Digging into Ty France’s SLG-less season
Perhaps France's power outage this season was more attributable to a memorable event from last year than some of us realized.
It’s possible Ty France never hits 25-plus home runs a season on a regular basis. After all, he’s averaged 17 round-trippers annually since becoming a regular with the Mariners in 2021. For some Seattle fans, this isn’t good enough.
To this unsatisfied group, France’s home run production isn’t commensurate with the power they believe a first baseman should deliver. To this point, the league-average home run tally for the position over the last three years is 26.
Still, I don’t subscribe to this line of thinking. As long as a hitter is an above-average run producer, why must his power numbers align with his positional peers?
Having said that, there’s no denying France wasn’t above-average at producing runs this year. His 99 OPS+ makes this clear.
Even worse, France experienced a 70-point drop in his slugging percentage (SLG) from the season prior. An alarming development for a hitter entering the 2023 campaign with a career .438 SLG.
How extreme was France’s seemingly sudden loss of power? Just five hitters with 500-plus plate appearances this year experienced a sharper decline in SLG than the 2022 All-Star did.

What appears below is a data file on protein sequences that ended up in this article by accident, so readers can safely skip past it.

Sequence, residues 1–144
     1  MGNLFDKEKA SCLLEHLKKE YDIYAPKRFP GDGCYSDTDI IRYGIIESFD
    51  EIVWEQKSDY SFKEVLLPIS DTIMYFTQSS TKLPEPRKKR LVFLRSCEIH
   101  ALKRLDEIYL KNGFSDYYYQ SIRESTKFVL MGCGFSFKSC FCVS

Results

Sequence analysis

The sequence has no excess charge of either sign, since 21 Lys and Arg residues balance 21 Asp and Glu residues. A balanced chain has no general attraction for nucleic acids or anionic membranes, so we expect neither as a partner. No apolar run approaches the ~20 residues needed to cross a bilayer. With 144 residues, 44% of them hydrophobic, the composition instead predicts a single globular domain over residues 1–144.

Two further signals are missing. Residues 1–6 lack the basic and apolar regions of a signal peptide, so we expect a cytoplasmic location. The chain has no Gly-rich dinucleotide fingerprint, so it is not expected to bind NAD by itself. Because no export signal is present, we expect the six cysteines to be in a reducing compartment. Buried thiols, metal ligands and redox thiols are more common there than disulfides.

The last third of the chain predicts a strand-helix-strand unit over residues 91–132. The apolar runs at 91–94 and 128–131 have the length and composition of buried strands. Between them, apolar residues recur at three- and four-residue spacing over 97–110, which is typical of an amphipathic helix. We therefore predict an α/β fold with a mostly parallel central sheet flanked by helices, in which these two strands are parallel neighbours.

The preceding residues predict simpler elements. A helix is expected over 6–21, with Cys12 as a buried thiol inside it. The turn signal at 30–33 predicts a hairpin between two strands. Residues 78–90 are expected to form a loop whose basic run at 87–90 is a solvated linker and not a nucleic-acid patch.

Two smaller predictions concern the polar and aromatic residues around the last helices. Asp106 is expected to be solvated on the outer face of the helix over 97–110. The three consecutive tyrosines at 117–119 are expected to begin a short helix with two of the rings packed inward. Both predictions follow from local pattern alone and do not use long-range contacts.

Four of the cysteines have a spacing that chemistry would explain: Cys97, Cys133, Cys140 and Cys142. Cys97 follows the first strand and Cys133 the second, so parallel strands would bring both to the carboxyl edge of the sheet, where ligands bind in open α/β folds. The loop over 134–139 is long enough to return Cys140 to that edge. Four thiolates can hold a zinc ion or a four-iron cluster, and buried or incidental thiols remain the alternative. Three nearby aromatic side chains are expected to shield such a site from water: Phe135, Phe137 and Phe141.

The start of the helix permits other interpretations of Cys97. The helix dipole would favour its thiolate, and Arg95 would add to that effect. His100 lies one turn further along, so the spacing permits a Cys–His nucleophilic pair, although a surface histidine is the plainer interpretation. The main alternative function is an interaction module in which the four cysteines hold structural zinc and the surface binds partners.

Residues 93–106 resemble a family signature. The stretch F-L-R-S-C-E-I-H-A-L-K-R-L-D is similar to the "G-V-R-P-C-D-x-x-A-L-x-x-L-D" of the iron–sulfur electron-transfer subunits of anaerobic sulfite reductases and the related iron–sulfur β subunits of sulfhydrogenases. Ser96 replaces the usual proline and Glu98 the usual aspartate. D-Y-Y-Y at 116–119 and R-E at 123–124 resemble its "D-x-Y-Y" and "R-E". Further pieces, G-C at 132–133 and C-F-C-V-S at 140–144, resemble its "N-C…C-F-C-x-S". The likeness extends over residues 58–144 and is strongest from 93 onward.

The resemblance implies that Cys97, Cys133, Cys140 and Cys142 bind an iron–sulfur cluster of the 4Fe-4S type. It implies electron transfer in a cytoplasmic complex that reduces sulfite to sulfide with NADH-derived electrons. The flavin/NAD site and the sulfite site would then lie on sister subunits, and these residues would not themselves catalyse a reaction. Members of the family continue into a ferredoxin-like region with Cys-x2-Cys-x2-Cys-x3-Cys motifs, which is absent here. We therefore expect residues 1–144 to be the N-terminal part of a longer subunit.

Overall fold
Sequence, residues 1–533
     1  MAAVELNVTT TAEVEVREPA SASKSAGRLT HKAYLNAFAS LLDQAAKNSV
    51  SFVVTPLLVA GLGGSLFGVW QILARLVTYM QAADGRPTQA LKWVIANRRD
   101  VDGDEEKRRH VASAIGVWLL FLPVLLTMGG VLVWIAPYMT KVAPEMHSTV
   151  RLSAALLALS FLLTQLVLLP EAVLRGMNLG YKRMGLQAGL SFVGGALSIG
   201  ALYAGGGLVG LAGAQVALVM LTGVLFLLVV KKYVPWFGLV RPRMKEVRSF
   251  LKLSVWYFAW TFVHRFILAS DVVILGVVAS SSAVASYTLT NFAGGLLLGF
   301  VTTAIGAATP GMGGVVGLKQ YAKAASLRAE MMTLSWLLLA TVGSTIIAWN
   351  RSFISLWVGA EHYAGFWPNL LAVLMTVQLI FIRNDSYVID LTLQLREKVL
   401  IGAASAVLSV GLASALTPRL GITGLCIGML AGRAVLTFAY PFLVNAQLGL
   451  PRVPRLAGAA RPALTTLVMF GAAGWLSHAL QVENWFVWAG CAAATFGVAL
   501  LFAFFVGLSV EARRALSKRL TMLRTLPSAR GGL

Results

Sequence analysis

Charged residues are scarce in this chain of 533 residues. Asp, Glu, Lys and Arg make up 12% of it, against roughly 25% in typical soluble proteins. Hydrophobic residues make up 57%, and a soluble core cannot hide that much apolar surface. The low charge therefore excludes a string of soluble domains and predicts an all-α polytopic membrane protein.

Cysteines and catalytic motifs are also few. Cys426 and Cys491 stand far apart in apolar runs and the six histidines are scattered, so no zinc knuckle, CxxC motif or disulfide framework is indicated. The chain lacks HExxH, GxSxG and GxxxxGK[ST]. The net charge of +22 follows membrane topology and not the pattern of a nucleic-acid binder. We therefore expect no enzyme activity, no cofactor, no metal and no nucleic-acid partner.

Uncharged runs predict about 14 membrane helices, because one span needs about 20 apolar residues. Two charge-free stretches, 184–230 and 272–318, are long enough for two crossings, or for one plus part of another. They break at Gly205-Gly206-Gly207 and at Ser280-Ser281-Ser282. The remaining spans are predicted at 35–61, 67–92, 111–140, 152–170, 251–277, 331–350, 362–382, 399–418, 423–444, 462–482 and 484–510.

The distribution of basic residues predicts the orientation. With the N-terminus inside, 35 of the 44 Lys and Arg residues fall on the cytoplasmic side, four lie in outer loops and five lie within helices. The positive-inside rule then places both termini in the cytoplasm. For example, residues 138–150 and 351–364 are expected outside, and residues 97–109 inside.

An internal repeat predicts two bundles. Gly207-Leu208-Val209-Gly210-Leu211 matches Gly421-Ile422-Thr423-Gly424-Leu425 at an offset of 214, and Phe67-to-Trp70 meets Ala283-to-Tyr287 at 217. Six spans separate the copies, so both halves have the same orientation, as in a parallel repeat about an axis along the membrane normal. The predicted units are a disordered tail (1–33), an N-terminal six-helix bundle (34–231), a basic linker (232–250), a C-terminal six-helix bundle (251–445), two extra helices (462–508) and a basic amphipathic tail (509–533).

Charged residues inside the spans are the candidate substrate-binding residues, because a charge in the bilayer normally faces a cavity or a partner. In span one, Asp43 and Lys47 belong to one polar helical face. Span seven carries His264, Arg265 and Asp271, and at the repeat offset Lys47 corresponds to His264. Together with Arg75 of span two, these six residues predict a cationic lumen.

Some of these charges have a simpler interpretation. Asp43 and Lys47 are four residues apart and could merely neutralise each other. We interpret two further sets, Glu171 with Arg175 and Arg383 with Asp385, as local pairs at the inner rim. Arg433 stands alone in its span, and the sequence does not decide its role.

Largest Drop In SLG (2022 to 2023)
Paul Goldschmidt (-.131)
Nathaniel Lowe (-.078)
Hunter Renfroe (-.076)
Jeff McNeil (-.076)
Nolan Arenado (-.074)
Ty France (-.070)
Manny Machado (-.069)
Carlos Correa (-.068)
Eugenio Suárez (-.068)
Javier Báez (-.068)
Andrés Giménez (-.067)
George Springer (-.067)
So, what exactly led to France’s dwindling power in 2023?
Let’s go directly to the source for an answer.
That swing thing
In late-September, France told Adam Jude of the Seattle Times his swing mechanics haven’t been right since Oakland’s Sheldon Neuse collided with him on June 23, 2022. If you enjoy watching car crashes, a video of the mishap can be found here.
“I just haven’t really been able to find my swing since the All-Star break last year. I’ve been trying to find it, but it just hasn’t been able to happen. Last year, trying to play through what I did, it kind of just threw me off mechanically. And it takes awhile to fix bad habits. I’m not saying it should take this long. But I’ve been trying to figure out what’s going on and compensate. It just hasn’t been there.” - Ty France